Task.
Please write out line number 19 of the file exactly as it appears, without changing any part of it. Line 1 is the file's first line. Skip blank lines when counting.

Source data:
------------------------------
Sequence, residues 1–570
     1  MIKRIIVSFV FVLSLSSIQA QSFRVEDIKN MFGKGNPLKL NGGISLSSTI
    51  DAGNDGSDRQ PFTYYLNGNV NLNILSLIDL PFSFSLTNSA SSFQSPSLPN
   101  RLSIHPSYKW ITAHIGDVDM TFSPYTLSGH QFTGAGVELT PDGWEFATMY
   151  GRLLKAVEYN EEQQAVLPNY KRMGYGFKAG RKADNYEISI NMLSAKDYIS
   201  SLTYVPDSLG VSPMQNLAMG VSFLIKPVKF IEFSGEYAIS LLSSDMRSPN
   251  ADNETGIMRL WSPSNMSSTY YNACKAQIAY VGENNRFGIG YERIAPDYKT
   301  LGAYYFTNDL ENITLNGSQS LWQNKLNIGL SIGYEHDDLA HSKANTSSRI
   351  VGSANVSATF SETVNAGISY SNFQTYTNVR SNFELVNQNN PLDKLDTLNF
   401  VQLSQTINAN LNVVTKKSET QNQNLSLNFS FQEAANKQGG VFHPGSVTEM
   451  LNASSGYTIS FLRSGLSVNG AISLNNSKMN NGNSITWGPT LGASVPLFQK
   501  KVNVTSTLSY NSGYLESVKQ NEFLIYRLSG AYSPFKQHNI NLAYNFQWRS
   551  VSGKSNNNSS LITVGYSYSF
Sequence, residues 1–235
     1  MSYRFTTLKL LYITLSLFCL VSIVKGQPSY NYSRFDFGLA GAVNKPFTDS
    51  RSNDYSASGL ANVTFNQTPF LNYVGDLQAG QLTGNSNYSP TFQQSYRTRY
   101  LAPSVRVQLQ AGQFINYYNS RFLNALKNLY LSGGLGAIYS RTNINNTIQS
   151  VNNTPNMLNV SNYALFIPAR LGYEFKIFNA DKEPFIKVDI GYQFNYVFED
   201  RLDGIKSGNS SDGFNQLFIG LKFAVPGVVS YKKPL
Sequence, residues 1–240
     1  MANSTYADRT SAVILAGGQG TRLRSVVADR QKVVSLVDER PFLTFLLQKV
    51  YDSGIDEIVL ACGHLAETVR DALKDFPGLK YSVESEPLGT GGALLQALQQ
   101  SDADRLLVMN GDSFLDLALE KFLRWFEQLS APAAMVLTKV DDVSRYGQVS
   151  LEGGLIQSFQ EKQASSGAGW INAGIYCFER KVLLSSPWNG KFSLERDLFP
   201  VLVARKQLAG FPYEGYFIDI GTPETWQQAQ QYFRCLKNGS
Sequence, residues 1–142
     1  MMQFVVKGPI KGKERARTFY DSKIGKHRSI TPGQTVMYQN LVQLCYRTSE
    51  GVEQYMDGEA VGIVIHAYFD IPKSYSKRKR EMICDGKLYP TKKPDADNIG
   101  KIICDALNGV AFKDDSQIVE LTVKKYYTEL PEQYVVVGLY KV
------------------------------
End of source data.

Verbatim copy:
   201  RLDGIKSGNS SDGFNQLFIG LKFAVPGVVS YKKPL